The ARM that Dick Bernstein bought to measure his blood glucose levels was not that different from the glucose blood tests that Charles Best performed back in 192?. The ARM was more convenient. The chemicals are immobilized on a piece of paper. So, you just have to add a drop of blood and wait for a minute, rather than preparing and mixing chemicals. Charles Best interpreted the results of his blood glucose test by comparing the color of his solution to a standard color. The ARM quantified the color by measuring the amount of light reflected from it.
In 1962, Leland Clark envisioned a different type of sensor. He was working at the Medical College of Alabama on the problem of continuous monitoring of blood gases for patients hooked up to heart lung machines. The problem is straightforward: if you have a machine breathing for you, how fast should it inhale and exhale. If you set the machine to breathe too quickly, the patient will be hyperventilating. If you set it too slowly, the patient will be hypoxic, not getting enough oxygen. In order to know the ideal breathing rate (which might change), you need to know the concentration of relevant gases in the blood.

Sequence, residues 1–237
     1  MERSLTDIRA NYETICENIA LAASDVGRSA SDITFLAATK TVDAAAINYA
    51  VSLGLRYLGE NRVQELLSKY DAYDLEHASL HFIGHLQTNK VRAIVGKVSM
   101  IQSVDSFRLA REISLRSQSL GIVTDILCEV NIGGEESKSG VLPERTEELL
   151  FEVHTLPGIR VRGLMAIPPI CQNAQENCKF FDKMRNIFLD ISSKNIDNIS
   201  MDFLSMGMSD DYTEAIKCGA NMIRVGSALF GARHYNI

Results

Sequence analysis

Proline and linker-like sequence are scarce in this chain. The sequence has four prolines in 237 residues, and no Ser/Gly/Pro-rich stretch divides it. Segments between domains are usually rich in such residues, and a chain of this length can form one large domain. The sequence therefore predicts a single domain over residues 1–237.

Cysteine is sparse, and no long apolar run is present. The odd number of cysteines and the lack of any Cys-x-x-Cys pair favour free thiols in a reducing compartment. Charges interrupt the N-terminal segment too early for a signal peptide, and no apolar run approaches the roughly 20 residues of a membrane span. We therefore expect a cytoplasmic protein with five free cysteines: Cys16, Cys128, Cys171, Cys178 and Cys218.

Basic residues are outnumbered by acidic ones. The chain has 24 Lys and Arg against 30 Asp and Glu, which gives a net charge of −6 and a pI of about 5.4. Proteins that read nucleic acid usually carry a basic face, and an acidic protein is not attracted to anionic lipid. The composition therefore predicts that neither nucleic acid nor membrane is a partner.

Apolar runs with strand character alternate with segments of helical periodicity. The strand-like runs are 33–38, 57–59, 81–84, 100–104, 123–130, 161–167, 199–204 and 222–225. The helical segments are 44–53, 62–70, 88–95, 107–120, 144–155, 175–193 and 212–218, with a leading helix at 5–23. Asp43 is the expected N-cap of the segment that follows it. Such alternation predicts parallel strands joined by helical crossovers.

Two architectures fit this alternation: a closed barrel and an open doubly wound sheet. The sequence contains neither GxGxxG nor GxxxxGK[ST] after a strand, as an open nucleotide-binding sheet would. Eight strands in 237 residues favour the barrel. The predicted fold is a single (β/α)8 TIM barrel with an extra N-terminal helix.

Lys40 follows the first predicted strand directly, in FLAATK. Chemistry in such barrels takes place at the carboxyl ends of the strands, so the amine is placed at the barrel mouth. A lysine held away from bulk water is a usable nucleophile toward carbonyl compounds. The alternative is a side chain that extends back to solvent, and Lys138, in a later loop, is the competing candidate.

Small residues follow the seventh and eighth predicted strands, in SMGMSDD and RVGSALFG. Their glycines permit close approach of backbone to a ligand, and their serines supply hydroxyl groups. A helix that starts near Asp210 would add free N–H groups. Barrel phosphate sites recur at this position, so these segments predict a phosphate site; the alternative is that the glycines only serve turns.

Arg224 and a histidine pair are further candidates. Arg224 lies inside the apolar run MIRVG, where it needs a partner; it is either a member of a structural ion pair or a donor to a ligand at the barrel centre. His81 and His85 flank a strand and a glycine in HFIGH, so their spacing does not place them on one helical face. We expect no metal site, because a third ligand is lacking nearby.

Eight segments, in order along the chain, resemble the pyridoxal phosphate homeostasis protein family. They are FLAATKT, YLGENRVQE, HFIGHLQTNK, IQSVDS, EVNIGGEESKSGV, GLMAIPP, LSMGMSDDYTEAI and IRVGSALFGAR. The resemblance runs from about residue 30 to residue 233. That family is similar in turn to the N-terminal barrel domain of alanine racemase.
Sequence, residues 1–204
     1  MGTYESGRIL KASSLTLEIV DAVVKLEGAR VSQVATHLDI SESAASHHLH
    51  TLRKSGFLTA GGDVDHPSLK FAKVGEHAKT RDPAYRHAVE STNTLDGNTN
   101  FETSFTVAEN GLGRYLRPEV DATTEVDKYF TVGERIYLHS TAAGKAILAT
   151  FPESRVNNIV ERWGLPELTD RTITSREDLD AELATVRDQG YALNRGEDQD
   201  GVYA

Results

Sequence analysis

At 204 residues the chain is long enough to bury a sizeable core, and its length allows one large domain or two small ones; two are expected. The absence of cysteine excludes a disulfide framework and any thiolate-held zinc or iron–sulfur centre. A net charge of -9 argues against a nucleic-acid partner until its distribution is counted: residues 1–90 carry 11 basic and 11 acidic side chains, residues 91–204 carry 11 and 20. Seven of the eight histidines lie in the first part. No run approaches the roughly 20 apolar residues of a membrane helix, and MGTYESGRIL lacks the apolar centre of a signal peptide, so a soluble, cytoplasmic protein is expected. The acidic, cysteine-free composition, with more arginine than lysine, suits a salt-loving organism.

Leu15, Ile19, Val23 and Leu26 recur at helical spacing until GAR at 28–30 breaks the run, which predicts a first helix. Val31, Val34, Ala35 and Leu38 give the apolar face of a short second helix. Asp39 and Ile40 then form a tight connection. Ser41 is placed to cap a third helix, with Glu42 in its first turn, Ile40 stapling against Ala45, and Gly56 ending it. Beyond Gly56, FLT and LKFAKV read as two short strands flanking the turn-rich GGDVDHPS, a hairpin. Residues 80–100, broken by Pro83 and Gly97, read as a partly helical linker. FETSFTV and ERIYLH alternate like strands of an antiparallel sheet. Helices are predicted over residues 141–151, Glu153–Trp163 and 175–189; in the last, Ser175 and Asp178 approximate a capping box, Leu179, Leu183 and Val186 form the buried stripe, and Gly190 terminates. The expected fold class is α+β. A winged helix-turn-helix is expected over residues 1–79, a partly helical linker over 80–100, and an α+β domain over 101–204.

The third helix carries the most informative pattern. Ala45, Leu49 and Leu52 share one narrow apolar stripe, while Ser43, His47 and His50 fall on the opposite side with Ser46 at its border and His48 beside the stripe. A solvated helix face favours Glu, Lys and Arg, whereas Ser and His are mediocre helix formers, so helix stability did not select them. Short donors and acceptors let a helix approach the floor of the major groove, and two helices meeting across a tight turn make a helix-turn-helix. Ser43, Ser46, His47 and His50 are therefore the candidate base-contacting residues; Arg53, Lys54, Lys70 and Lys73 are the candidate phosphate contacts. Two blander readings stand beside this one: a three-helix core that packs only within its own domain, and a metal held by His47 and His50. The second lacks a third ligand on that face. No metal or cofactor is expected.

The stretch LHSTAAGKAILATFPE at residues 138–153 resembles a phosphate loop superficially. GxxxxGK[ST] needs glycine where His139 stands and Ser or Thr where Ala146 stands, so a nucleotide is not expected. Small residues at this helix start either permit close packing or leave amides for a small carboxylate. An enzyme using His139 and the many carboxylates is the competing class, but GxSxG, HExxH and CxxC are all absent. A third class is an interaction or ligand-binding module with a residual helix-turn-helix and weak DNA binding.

Clark had an electrode system for continuous monitoring of blood [http://www.ncbi.nlm.nih.gov/pubmed/14021529]. Using this system, they could make immediate measurements on how much oxygen was in the blood and adjust the artificial ventilator to either increase or decrease the oxygen in the blood. They considered expanding their technique to measure other key analytes in the blood.
He had the insight to use glucose oxidase in his oxygen sensor. The glucose oxidase converts glucose in solution to hydrogen peroxide. The hydroxen peroxide, in turn, gets separated into hydrogen, oxygen, and electrons. The electrons are measured by the electrode. The result of this invention is that the amount of glucose can be converted to an electrical current.
Many innovations have occurred since Leland Clark first built his glucose sensor. Today, small battery operated devices smaller than a cell phone communicate wirelessly with a tiny glucose sensor that is embedded into your skin. These devices, known as continuous glucose monitors, provide